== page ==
By Matt Spetalnick
WASHINGTON (Reuters) - Former President Bill Clinton, known for sometimes upstaging the current occupant of the White House, managed to get the last word again in a joint appearance with President Barack Obama on Friday.
The White House enlisted the popular ex-president to join in a tour of a renovated Washington office building to help promote a $4 billion nationwide effort aimed at improving energy efficiency in construction and boosting job creation.
The unusual pairing served as further evidence the two have moved beyond the bitterness of the 2008 Democratic primary race and forged a warmer relationship since Clinton's wife, former Obama rival Hillary Clinton, became secretary of state.
Obama, perhaps hoping some of the former president's high poll numbers would rub off on him in his troubled 2012 re-election bid, thanked Clinton for his time and effort.
"As he pointed out, partly thanks to me, he's home alone too often," Obama told reporters jokingly, referring to Hillary Clinton's frequent foreign travels as top U.S. diplomat.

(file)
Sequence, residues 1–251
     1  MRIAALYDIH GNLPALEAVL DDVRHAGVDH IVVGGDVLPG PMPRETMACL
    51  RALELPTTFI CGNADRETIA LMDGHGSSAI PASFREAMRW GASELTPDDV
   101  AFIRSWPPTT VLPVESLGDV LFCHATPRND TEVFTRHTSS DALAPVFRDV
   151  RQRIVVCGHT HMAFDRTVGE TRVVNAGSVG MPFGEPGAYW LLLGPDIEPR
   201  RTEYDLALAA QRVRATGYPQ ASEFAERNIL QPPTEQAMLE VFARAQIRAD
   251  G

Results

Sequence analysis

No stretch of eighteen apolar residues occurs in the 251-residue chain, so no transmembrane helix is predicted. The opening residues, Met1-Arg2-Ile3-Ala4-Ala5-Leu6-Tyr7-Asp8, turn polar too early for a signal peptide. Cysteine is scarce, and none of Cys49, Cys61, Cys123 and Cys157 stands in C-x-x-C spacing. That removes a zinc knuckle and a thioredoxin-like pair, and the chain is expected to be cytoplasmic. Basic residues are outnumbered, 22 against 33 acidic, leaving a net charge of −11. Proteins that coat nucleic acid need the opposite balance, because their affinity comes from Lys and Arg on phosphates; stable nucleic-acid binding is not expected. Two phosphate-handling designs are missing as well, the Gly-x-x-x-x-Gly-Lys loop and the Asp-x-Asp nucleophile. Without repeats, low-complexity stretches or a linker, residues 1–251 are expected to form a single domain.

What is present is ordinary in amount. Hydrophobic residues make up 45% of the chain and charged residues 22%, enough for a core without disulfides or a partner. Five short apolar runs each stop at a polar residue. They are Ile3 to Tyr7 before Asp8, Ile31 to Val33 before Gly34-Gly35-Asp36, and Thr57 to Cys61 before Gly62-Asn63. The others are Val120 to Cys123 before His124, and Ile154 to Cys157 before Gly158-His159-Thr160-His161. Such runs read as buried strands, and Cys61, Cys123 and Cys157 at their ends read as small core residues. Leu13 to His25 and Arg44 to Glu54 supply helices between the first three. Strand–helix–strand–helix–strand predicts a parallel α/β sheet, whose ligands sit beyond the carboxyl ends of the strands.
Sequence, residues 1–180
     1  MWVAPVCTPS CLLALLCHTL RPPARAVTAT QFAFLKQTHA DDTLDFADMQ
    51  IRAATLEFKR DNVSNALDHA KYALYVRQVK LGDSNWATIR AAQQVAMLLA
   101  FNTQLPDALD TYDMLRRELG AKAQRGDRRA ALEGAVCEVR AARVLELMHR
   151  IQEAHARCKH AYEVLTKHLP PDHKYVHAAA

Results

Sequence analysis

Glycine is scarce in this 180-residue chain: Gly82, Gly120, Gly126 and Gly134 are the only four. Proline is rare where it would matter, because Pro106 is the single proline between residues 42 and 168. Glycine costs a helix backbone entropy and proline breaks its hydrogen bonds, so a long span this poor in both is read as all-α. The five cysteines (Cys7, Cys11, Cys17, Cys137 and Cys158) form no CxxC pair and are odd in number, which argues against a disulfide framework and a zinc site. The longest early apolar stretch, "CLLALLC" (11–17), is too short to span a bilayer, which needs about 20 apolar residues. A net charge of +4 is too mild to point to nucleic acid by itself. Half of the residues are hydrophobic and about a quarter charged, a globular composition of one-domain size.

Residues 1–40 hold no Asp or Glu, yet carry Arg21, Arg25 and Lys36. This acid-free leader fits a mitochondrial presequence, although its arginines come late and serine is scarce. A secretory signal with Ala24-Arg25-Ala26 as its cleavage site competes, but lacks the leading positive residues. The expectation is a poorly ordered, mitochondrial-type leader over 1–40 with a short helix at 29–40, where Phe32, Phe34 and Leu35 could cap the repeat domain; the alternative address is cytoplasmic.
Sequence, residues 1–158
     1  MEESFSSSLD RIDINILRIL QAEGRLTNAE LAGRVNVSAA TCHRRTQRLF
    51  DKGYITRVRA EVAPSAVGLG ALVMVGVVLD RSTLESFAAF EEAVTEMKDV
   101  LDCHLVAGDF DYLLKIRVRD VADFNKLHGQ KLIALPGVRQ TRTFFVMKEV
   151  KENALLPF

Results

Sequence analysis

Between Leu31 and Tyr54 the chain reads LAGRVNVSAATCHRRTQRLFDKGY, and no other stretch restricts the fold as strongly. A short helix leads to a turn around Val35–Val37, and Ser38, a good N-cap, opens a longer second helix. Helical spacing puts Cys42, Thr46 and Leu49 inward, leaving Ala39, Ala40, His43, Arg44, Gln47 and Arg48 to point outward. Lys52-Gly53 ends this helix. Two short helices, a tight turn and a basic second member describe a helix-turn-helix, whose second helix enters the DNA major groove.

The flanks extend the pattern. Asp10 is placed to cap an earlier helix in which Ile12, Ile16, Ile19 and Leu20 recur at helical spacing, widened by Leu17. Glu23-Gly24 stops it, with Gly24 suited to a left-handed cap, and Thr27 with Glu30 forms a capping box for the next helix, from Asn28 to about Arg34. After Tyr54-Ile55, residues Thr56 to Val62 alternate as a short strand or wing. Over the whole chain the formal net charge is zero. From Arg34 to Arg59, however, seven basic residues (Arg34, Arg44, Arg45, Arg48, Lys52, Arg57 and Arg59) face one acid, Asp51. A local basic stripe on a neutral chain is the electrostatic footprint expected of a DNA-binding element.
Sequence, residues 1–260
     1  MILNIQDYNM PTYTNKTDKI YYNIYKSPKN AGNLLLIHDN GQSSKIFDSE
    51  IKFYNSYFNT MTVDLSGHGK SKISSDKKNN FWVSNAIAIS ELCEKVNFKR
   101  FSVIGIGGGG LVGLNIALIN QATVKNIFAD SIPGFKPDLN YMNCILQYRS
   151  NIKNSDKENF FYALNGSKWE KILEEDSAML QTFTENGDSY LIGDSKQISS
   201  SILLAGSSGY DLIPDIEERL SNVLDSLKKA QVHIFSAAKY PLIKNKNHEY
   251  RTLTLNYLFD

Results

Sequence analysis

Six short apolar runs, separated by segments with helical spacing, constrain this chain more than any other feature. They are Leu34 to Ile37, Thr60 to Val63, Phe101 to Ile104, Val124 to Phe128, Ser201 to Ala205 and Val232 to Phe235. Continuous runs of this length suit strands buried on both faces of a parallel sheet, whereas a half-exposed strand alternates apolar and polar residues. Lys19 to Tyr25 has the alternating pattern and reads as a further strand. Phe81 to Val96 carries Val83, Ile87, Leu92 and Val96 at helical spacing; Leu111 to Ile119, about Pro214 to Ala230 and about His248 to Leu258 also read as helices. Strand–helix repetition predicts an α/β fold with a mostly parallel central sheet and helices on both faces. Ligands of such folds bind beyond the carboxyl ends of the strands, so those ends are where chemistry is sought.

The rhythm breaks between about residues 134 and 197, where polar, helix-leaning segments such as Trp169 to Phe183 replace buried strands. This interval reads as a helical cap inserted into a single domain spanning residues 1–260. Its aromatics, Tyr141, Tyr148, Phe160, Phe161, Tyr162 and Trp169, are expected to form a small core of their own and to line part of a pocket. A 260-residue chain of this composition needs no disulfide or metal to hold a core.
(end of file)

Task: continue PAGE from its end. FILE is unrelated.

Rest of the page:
Clinton, white-haired and slimmed down from his White House years, lavished praise on Obama for keeping energy conservation on his list of priorities.
But there was also a hint of lingering friction.
Alluding to Clinton's comments about tax increases that have been played up by the Republican camp, Obama said: "I've noticed that some folks on the other side have been quoting President Clinton about it's a bad idea to raise taxes during tough economic times."
"That's precisely why I sought to extend the payroll tax this year and next year. It doesn't mean we lock in tax cuts for the wealthiest Americans. I don't think President Clinton has been on board for that for perpetuity," Obama said, as Clinton smiled and nodded.
After the official statements, a reporter shouted a question to Clinton, the last two-term Democratic president who left office with a budget surplus, on whether he had any advice for Obama on the struggling economy.
"Oh, he gives me advice all the time," Obama responded, drawing laughter, as aides tried to usher journalists out.
But Clinton stepped to the podium and held forth for a few more minutes about the economic benefits of energy efficiency.
It was a reminder of how Clinton famously basked in the spotlight last December when he and Obama made an impromptu visit to the White House briefing room. The two fielded questions together and Obama then left. Clinton continued holding court for nearly a half hour more.
(Editing by Christopher Wilson)